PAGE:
Emergency currency: the first gold ‘coin’ made in Australia from Australian gold
Around 200 Adelaide Pounds have survived from the mid-nineteenth century making the opportunity to secure such an important piece of colonial numismatic history rare indeed.
That’s why we’re very excited to be able to offer collectors a superior grade example of this coveted Australian coin.
So special are Adelaide Pounds that they are sought after throughout the world. It’s not just their rarity that makes them so interesting. Part of their mystique is wrapped up in the story of how they came to be made – a tale which goes to the heart of Australia’s pioneering spirit.
Following the 1851 discovery of gold in the neighbouring colony of Victoria, an estimated 8,000 men left the South Australian capital of Adelaide in the hope of making their fortune. Not only did the migration create a labour shortage back home, but in taking a large share of circulating coins with them, the men left the colony’s fledgling economy near ruin.
When lucky prospectors began returning home with gold nuggets, however, the South Australian government spotted an opportunity it believed would solve the coinage crisis. In an admirable example of Australian ingenuity – and without official consent from British Imperial authorities – it sought to make ‘emergency currency’ in the form of its own gold coins.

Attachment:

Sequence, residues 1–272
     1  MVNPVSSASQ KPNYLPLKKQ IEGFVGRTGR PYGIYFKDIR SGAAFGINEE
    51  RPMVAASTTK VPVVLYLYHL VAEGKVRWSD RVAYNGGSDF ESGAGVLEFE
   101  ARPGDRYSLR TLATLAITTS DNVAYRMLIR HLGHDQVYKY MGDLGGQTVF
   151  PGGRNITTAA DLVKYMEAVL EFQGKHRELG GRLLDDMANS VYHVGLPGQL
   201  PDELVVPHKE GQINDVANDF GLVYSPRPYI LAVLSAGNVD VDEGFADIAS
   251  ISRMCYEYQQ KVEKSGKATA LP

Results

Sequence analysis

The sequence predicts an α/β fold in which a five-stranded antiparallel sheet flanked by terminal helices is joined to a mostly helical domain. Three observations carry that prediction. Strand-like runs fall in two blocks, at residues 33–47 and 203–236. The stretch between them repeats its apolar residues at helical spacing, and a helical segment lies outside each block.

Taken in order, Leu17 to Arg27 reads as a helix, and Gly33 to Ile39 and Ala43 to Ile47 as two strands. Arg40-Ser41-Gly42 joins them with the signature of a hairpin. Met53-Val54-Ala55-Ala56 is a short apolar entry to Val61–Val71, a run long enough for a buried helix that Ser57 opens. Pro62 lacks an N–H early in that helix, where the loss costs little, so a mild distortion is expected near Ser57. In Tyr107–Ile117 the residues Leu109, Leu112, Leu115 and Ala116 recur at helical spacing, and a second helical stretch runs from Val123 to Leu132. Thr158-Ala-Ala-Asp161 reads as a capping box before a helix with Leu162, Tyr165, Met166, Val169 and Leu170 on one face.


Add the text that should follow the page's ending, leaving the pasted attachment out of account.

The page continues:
The Adelaide Assay Office was established under the hastily enacted Bullion Act of 1852. At first it made irregularly-shaped ingots, but on 23 September 1852 it began production of round 22-carat Adelaide Pounds. Disastrously, the die cracked almost immediately. No example of Type One is known today without some evidence of the die crack.
A second die cut by local engraver Joshua Payne was rushed in to service, successfully producing nearly 25,000 examples of the Adelaide Pound Type II. But fate took a hand in its short-lived existence.
Unfortunately, by infringing upon the Royal prerogative to coin gold, South Australia’s Adelaide Pound was technically illegal. Its creators felt the time involved in gaining permission from London to establish a mint was too great a risk to the economy. By the time approval was received, production had ceased anyway thanks to the arrival of a shipment of official sovereigns.
What really accounts for the rarity of the Adelaide Pound today, however, was a spike in the price of gold. At one point, it contained gold worth nearly two shillings above face value. Consequently, most of the coins were melted down for their intrinsic value.
Nevertheless, the Adelaide Pound was the first ‘coin’ produced in Australia from Australian ore with an entirely Australian design.
The dramatic story of its rise and fall has helped cement its position in Australia’s national consciousness alongside other ‘greats’ such as the 1813 Holey Dollar and Dump, 1855 Sydney Mint Sovereign and 1930 Penny.
How are coins coloured?
Here at The Perth Mint we’ve been colouring coins since the mid-1980s, but how do we do it? Find out here.